FIG. 20 is a diagrammatic view of a method and apparatus for transferring graphical information according to another embodiment of the present invention.

DETAILED DESCRIPTION OF THE ILLUSTRATED EMBODIMENTS

FIG. 1 illustrates a method and apparatus according to a first embodiment of the present invention for transferring graphical information from an original medium such as a document, designated generally at 10, to a copy medium such as a paper shown at 11. The apparatus comprises a recording means which is magnetizable and capable of supporting an electrostatic image. In this embodiment of the present invention the recording means comprises an orbitally movable magnetically retentive member capable of surface magnetization in the form of tape 12. In preferred form tape 12 comprises a suitable base or substrate having a coating of iron oxide and zinc oxide and possibly a thin overcoat of suitable material as will be described in detail hereafter. The endless tape 12 is trained around four supporting rollers, 13, 14, 15 and 16 which define an orbit for tape 12. Rollers 13-16 together with suitable drive means (not shown) to which they are coupled comprise a motive means for causing relative displacement between tape 12 and the other elements of the apparatus of the present invention which now will be described.

An optical image of the graphical information from original medium 10 is transformed to an electrostatic image on recording means or tape 12 by a lens 20 which directs light rays from medium 10, which would be illuminated, onto the surface of tape 12 and by an electrostatic charging unit 21 which operates on tape 12 prior to its reception of light rays from the medium 10. In particular, charging apparatus 21 operates in a conventional manner to charge the zinc oxide layer of tape 12 by using about minus 5000 volts to place a negative charge on the outer surface of tape 12, as it is viewed in FIG. 1, and by using about plus 5000 volts to place a positive charge on the inner surface of tape 12. Charging apparatus 21 is conventional in form and being readily commercially available and well known to those skilled in the art, a detailed description thereof is deemed unnecessary. In addition, when more than one copy is to be made, charging apparatus 21 operates only during production of the first copy as will be described in detail hereafter. The electrostatically charged tape 12 is moved past the image of light rays directed through lens 20 from the original 10 and in synchronism with the scan of original 10. When the light rays reach the outer surface of tape 12 the high light level portions of the image discharge the zinc oxide while the portions of the tape contacted by the low light level portion of the image remain charged. An electrostatic image thus is formed on tape 12 and this image formation likewise is required only during production of the first of a number of duplicate copies as will be described hereafter.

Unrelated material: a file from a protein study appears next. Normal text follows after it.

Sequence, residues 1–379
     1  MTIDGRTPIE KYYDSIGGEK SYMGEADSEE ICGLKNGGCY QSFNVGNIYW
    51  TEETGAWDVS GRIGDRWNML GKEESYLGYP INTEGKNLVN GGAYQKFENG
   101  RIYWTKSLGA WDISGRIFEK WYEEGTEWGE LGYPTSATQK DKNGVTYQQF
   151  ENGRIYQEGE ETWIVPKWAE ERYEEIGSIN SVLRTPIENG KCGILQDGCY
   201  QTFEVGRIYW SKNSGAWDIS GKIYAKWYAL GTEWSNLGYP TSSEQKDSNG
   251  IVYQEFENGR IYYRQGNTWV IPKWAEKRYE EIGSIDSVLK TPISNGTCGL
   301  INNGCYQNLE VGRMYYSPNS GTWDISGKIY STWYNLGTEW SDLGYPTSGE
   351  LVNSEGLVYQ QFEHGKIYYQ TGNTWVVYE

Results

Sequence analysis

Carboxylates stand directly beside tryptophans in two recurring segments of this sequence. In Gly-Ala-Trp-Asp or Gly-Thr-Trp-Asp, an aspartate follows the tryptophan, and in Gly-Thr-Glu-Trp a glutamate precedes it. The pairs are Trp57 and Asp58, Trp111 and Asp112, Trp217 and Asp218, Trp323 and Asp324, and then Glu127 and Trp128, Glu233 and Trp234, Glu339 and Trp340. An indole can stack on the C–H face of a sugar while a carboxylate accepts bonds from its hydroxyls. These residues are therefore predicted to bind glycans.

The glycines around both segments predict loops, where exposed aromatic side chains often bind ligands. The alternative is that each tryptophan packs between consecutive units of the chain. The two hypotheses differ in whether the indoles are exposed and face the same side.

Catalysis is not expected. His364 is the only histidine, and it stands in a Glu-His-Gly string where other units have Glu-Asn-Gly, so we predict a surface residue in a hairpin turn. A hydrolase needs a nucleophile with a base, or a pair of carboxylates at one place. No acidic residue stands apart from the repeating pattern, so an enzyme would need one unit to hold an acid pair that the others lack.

The apparatus of the present invention further comprises means, designated generally at 25 in FIG. 1, for applying magnetic toner particles to the recording means, in particular to a surface of tape 12, in a manner such that the particles adhere to the recording means in the form of an image corresponding to the image already present thereon. The toner particles, as they are known in the art, are in the form of a pigmented powder which when applied to tape 12 provides a powder image by means of adherance or attraction to the electrostatic image. The toner particles used in the method of the present invention have both an electrostatically attractive component and a magnetic component. They also have a resinous component to facilitate subsequent fixing to the copy medium. One form of magnetic toner particles found to perform satisfactorily are available commercially under the name Tribofax No. 213 electrostatic imaging material and manufactured by the Surface Processes Corporation of Pennsylvania. The means designated 25 for applying the magnetic toner particles to tape 12 is representative of various toner applying arrangements known in the art which may be employed in the apparatus of the present invention. In addition, two specific examples of toner applying means 25 will be described in detail further on in the specification.

The apparatus of the present invention further comprises magnetic image forming means operatively associated with the recording means for magnetizing the recording means as determined by the location of the toner particles on the recording means to form a magnetic image corresponding to the electrostatic image. In the embodiment of FIG. 1 those portions of a surface of tape 12 on which the toner particles are adhered are magnetized. The magnetic image forming means comprises magnetizing means in the form of a recording head including a core 30 around which is wound a coil 31 connected by leads 32 and 33 to a source of magnetizing current 34. Core 30 of the magnetizing means is positioned relative to tape 12 so as to operate thereon after toner particles are applied by the apparatus 25 to tape 12. In addition, core 30 is positioned in the apparatus so that the magnetizing means applies a continuous magnetizing current to tape 12 in a direction, as viewed in FIG. 1, from the inner surface thereof through the tape 12. Source 34 provides a periodic, such as sinusodial or pulsed, signal for driving the recording head, the frequency depending upon the degree of resolution desired for the recording, whereby a continuous uniform magnetic recording is placed on tape 12.